Posts Tagged ‘Bill Lerach’

From disgrace to the law lectern

Bill Lerach’s contemplated hop from the federal slammer to a teaching position may be especially notable, but Kai Falkenberg at Forbes reminds us that others with records of disgrace or lawbreaking have turned up at the law lectern too, including Sixties terrorist Bernardine Dohrn, long ensconced at Northwestern; disbarred felon Lynne Stewart, who addressed the celebrated Hofstra ethics conference; and smurfing specialist Eliot Spitzer, who “taught a class called ‘Law and Public Policy’ at City College during the fall 2009 term.” And had you heard that former Illinois Gov. Rod Blagojevich, whose trial on corruption charges is upcoming, gave a student-sponsored talk last month at Northwestern on the topic of ethics in government?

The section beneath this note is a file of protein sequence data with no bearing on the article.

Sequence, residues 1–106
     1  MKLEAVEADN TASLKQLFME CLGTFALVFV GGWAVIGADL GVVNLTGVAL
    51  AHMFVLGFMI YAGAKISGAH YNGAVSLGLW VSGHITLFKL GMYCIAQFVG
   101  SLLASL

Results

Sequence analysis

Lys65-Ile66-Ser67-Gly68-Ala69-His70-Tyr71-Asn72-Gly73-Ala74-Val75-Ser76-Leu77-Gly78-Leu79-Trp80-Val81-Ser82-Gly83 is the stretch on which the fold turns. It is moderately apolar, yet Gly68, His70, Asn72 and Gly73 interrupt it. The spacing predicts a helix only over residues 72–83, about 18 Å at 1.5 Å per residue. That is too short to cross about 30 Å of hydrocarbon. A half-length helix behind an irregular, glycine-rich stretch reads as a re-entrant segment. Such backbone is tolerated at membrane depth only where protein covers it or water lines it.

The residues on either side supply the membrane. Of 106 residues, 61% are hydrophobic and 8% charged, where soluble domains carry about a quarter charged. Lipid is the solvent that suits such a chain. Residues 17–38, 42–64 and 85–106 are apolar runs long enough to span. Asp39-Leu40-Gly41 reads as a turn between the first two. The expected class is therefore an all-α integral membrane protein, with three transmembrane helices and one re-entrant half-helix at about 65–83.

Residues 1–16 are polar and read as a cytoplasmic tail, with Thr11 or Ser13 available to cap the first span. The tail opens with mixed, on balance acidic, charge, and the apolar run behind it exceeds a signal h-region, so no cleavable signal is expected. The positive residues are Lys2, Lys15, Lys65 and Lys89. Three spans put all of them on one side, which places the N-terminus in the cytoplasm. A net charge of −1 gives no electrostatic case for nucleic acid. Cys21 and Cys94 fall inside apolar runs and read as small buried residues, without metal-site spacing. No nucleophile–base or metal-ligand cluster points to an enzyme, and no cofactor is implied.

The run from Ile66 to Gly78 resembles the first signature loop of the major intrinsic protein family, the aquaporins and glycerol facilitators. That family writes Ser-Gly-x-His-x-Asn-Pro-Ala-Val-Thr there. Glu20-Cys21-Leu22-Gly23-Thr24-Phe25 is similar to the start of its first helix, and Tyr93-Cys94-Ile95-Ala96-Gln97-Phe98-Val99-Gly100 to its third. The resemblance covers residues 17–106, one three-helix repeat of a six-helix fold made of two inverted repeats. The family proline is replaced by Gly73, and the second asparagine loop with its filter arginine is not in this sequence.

Sometimes it can be hard to tell the faculty panel discussion from the police lineup. In my forthcoming book Schools for Misrule: Legal Academia and an Overlawyered America — due out next spring from Encounter Books — I’ll have a lot more to say about the lessons that sends.

Beyond parody: Lerach plans to teach law at Irvine

Released from prison, the felonious class-actioneer plans to join Dean Erwin Chemerinsky’s left-leaning new University of California law school to lecture students on the topic of “Regulation of Free Market Capitalism — Why Have We Failed?”. He also apparently intends to claim the time spent in this propagandistic effort toward his community service obligation. In an interview with Diane Bell of the San Diego Union-Tribune, he says of his past legal practice: “I would not have done anything differently.” “I also intend to be active in progressive political activities probably with the Campaign for America’s Future,” he says. [Sign On San Diego, WSJ Law Blog, Ribstein; cross-posted from Point of Law]

More on “Circle of Greed”

More reviews of the new Lerach book (earlier). Kevin LaCroix: